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The Government Law Center publishes explainers--short policy papers--designed to help policymakers and others understand the complex laws that apply to state and local governments' choices about immigration policy. Each explainer briefly reviews the law in a specific area, and provides links to further resources.
(Click here for Explainer)
In an effort to better integrate their immigrant communities, a number of local governments across the country are issuing resident identification cards known as "municipal IDs." This explainer will outline the various reasons a local government may choose to create a municipal ID and the mechanisms by which such a program may be adopted. It will then discuss how municipal IDs interact with state and federal law, and some of the privacy and other concerns that have arisen in localities across the country with municipal IDs.
Immigrants and Public Benefits: What Must States and Localities Provide?
Public benefits for noncitizens are a source of great controversy, but exactly what public benefits do noncitizens receive? The Equal Protection Clause generally requires that states and localities give noncitizens the same benefits as citizens. But Congress sometimes requires that states and localities treat noncitizens differently. This Explainer reviews the laws that govern this complicated area, and offers resources for people trying to navigate it.
Although the topic of "sanctuary" jurisdictions is much-discussed, the term "sanctuary" has no legal meaning. State and local governments face a complicated set of choices about how to interact with federal immigration authorities. Four major policy questions must be considered.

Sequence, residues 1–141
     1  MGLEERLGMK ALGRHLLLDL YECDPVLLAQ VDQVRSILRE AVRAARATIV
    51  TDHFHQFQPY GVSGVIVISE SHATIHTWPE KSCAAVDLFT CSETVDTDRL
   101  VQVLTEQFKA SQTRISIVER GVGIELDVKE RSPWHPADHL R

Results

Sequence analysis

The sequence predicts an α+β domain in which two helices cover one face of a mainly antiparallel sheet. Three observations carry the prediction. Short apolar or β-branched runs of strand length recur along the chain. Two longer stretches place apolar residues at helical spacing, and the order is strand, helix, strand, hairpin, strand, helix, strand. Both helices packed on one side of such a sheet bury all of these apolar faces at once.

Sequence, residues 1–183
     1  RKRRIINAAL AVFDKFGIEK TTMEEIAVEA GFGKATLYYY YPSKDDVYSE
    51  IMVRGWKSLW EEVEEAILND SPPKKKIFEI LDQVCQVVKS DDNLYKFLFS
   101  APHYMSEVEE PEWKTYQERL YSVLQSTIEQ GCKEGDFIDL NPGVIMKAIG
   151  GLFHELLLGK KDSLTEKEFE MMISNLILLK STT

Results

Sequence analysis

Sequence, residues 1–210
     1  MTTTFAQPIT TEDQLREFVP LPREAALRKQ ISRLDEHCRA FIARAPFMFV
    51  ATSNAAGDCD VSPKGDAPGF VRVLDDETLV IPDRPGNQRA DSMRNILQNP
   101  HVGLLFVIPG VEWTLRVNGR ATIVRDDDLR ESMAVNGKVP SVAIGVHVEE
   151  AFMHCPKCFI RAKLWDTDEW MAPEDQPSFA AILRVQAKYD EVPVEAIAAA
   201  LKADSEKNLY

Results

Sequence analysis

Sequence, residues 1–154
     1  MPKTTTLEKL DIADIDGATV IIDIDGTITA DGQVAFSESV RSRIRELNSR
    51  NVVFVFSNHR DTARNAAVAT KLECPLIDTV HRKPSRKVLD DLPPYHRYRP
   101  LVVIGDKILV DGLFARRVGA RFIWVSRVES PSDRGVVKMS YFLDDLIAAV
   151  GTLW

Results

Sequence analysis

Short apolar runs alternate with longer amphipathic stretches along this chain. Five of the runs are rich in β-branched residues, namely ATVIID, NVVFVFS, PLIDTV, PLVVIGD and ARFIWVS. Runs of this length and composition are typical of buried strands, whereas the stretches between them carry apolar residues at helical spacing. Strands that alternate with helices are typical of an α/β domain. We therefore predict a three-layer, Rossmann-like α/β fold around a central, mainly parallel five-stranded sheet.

First, states and localities have to decide whether to contribute resources to federal immigration enforcement efforts. Second, they must decide whether to detain noncitizens at the request of federal authorities. Third, jurisdictions can limit the extent to which they share information about noncitizens with the federal government--although every jurisdiction, even "sanctuaries," shares significant amounts of information about noncitizens. Finally, states and localities may try to limit the extent to which immigration agents can physically access state-controlled properties, like jails and courthouses.
In each area, there is a spectrum of choices available, from full cooperation to neutrality to active resistance. This explainer identifies the actions state and local governments have taken, and identifies resources for policymakers who wish to learn more.
A U Visa is a temporary visa for victims of certain crimes who have been helpful in the investigation or prosecution of the crime. The purpose of the U Visa is to "strengthen the ability of law enforcement agencies to detect, investigate, and prosecute" certain serious crimes and to protect victims.
The U Visa is an important tool for local governments to build trust with immigrant crime victims and communities and to strengthen enforcement efforts against those who target immigrants. This explainer gives an overview of the U Visa and the role of state and local government officials in the U Visa process.